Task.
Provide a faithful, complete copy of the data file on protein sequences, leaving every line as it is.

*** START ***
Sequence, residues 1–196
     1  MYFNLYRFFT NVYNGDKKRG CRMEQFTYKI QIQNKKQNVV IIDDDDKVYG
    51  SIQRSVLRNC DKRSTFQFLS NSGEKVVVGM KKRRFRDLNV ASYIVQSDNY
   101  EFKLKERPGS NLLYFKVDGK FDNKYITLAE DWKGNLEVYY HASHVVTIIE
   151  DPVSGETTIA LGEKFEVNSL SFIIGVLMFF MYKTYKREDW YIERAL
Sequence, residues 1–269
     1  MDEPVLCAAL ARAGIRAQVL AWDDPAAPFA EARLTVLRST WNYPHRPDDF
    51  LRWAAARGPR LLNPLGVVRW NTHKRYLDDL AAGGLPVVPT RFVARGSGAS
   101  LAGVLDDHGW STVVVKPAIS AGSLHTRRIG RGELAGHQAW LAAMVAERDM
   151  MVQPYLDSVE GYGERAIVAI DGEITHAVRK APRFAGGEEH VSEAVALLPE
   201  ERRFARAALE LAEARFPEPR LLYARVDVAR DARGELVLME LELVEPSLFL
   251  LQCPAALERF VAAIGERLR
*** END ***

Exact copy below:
Sequence, residues 1–196
     1  MYFNLYRFFT NVYNGDKKRG CRMEQFTYKI QIQNKKQNVV IIDDDDKVYG
    51  SIQRSVLRNC DKRSTFQFLS NSGEKVVVGM KKRRFRDLNV ASYIVQSDNY
   101  EFKLKERPGS NLLYFKVDGK FDNKYITLAE DWKGNLEVYY HASHVVTIIE
   151  DPVSGETTIA LGEKFEVNSL SFIIGVLMFF MYKTYKREDW YIERAL
Sequence, residues 1–269
     1  MDEPVLCAAL ARAGIRAQVL AWDDPAAPFA EARLTVLRST WNYPHRPDDF
    51  LRWAAARGPR LLNPLGVVRW NTHKRYLDDL AAGGLPVVPT RFVARGSGAS
   101  LAGVLDDHGW STVVVKPAIS AGSLHTRRIG RGELAGHQAW LAAMVAERDM
   151  MVQPYLDSVE GYGERAIVAI DGEITHAVRK APRFAGGEEH VSEAVALLPE
   201  ERRFARAALE LAEARFPEPR LLYARVDVAR DARGELVLME LELVEPSLFL
   251  LQCPAALERF VAAIGERLR